I attempted my very first piece with chalk paint a few weeks ago and have been dying to get the pictures up to share with you!
I had a client ask specifically for this type of paint and I thought it was a great time to splurge on it and try it out.
I'm definitely not an expert with it yet so don't think I did it perfectly but I'll tell you how I did it and what worked for me and we can go from there :)
First things first,
I was working with a cute little Pottery Barn dresser that the client had.
She wanted it to fit with the 'big boy' room she was doing for her son and wasn't feeling the white furniture anymore.
So it was in great condition- just needed a new look.
Here's the before:
Like I said, it was definitely not in bad condition and made a great canvas for whatever look we wanted to go for.
We went back and forth for a bit and then settled on painting it red with a 'waxed' finish which is basically an aged finish in the chalk paint world.
So first things first I bought my paint.
I went to our local flea market and browsed the colors they had in the Cece Caldwell Chalk paint line and landed on Traverse City Cherry.
After bringing the quart of paint home, I did a ton of research from other bloggers who had used the brand and worked with the chalk paint before.
My main concern was the aging process.
I've heard all kinds of varying reports from how easy it is to how tricky it can be.
It also involved buying both the clear and dark waxes.
And they aren't super cheap.
So I'll get to how I got around that in a minute.
First things first, I painted the dresser in two coats of Traverse City Cherry.
First off, the paint was a wonder to use.
I loved the smooth application and how beautifully it went on.
Two coats was perfect to cover the white dresser.
However, I grew concerned as the dresser dried and the pretty red started turning a dusty pink color.
I immediately ran to the computer and searched for images of people that had used this color before and found it to be a common problem.
When dried, it definitely resembles more of a salmon pink than a deep red.
I kept telling myself it was a vintage red and decided to try the aging process to see what that did.
Check out the difference:
Ah, instant relief.
So much so.
It immediately turned a darker red and dried that way!
Can you see the difference in that back drawer with how pink it looks compared to the aged ones?
So here's the deal.
And like I said, I'm no expert on chalk paint.
But this worked out amazingly for me.
I researched like crazy to see about what I could do for the aging process.
I'm definitely more of a distress & glaze type girl and I hated the idea of forking out another 70$ on waxes that would give it the same look (I figured) that glaze would.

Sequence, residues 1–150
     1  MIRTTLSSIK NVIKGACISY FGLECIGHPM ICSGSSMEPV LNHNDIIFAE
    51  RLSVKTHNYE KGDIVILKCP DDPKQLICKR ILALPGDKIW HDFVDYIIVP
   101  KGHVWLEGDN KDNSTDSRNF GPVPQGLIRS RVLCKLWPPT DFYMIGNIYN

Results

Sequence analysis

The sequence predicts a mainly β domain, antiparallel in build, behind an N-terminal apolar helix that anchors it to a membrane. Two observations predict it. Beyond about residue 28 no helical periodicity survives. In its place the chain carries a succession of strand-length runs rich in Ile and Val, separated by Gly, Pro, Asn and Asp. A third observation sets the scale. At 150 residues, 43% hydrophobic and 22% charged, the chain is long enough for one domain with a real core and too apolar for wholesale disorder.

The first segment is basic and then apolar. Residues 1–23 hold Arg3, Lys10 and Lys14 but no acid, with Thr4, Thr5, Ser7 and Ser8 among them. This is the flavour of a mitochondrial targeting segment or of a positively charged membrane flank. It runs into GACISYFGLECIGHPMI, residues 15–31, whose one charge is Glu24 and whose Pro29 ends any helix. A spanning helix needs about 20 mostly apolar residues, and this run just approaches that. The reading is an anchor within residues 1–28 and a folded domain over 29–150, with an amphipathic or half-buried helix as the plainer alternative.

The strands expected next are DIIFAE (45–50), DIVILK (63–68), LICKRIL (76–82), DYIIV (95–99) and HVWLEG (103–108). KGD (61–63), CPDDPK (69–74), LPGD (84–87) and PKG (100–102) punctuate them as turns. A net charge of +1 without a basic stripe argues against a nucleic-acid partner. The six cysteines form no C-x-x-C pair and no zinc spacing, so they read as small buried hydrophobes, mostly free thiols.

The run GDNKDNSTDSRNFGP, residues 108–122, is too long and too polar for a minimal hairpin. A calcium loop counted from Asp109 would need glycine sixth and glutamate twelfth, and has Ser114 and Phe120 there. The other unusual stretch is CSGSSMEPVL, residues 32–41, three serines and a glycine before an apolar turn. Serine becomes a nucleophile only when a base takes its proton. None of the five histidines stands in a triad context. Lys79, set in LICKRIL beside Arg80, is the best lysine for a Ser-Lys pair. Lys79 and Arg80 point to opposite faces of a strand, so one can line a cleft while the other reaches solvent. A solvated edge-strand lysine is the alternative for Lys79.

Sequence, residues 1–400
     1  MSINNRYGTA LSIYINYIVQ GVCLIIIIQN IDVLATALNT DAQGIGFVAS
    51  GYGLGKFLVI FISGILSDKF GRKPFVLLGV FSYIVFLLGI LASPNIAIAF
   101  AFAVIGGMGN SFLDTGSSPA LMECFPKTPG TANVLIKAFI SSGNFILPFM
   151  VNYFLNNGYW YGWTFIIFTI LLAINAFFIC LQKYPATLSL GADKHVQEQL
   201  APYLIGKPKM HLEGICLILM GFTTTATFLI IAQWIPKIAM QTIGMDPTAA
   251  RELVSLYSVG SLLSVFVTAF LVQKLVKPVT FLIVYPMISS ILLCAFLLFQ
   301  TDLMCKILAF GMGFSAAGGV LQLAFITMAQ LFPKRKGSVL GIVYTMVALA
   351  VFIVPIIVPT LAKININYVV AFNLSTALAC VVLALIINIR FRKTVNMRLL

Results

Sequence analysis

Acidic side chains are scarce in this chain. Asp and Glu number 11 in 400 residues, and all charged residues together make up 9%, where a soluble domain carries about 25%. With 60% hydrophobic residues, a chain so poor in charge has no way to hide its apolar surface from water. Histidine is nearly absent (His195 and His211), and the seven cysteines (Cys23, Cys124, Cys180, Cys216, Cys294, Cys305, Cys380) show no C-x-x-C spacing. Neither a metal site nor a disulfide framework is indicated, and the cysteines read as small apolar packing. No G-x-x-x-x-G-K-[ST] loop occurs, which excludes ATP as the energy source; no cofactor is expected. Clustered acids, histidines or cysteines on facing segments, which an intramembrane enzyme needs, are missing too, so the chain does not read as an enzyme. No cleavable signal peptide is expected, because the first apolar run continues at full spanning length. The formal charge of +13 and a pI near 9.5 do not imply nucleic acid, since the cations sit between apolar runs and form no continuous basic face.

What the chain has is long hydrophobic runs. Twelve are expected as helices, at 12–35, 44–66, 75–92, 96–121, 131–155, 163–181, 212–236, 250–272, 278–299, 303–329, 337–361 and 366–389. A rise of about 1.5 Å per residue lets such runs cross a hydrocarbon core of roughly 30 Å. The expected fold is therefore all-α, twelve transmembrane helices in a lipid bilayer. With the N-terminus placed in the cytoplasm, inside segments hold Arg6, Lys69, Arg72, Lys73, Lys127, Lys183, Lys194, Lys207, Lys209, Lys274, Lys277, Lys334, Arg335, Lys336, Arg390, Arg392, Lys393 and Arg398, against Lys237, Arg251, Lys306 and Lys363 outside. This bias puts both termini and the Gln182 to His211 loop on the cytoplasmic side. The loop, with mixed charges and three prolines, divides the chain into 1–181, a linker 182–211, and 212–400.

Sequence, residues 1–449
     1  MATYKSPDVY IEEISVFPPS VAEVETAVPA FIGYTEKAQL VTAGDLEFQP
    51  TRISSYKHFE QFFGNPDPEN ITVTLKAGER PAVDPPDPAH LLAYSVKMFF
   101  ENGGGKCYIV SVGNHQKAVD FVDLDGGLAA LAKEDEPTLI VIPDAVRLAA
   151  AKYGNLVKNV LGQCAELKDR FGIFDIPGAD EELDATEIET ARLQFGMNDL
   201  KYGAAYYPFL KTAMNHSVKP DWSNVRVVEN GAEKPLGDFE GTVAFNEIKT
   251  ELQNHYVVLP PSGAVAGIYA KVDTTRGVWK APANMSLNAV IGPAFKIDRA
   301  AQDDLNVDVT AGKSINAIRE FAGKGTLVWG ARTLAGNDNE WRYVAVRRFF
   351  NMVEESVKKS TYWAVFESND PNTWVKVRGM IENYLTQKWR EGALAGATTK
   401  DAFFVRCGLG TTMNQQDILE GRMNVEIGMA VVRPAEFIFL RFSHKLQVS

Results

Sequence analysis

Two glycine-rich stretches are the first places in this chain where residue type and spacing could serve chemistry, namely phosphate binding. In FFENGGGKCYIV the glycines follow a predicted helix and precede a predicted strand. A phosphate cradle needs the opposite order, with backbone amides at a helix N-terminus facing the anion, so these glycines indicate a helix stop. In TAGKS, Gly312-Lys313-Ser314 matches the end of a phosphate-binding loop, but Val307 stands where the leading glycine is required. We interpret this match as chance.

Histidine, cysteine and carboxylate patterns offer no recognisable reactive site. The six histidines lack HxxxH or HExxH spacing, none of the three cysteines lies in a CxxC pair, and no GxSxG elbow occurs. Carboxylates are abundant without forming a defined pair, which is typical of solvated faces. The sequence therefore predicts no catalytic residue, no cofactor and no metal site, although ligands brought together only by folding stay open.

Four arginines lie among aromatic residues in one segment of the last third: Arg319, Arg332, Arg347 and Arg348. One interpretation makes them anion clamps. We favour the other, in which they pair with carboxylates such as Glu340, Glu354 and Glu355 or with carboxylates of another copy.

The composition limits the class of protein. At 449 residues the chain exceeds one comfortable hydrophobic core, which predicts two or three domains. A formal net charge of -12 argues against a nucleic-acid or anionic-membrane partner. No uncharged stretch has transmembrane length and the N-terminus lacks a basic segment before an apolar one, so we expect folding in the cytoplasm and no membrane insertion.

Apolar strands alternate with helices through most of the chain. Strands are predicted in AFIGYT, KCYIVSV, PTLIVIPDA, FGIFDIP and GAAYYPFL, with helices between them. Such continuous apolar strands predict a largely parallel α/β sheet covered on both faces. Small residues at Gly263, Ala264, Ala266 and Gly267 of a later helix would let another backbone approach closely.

So I looked up whether glaze would do the trick or not.
And I found several sites that mentioned that using regular glazes and sealing waxes would work fine.
So I decided to go that route.
After my two coats of chalk paint,
I used my regular ole' glaze that I use on all my pieces to age it.
Just like normal.
I used a brush to paint it on in small sections and then wiped it off with a soft cloth.
It worked like an absolute charm.
Darkened the pink color and gave the perfect aged finish.
See how beautiful it turned out?
Forgive the shadows :)
A girl can only do so much when I forget to take pictures until 5 minutes before it's about to leave.
Have to work with what ya got!!
I also use my regular Minwax finishing wax to seal it all after painting & glazing it.
I rubbed harder on the edges of the drawers to bring out some of the white underneath.
The wax made the finish perfectly silky & smooth like butter :)
And that, my friends, is that.
Besides the fact that I also switched out the plain wooden knobs with some fun oil-rubbed bronze ones.
I love how hardware can make such a big difference!
Here are the fun before/after shots:
It ended up being a gorgeous piece and I was so happy to have a chance to do something new and out of my comfort zone!
Here's my thoughts on working with the chalk paint:
It goes on smooth and covers amazingly.
It has a gorgeous, vintage feeling to it after it dries.
Easy clean-up and fun to distress.
And I was much happier to know I could use my own aging products that were considerably cheaper than the waxes.
Expensive- I still prefer my Sherwin Williams enamel paint if I'm going to spend that money.
Not a huge variety of colors, you're stuck with what they offer unless you mix them together which is just more $$.
I'm sure I'll use it more now that I've played with it but only for specific types of pieces.
I still love my enamel paint too much to give it up.
But it was a fun experience!!
I'm loving how the dresser turned out even if it was a bit of an experiment getting it done :)
Hope you guys have an awesome, amazing week!!!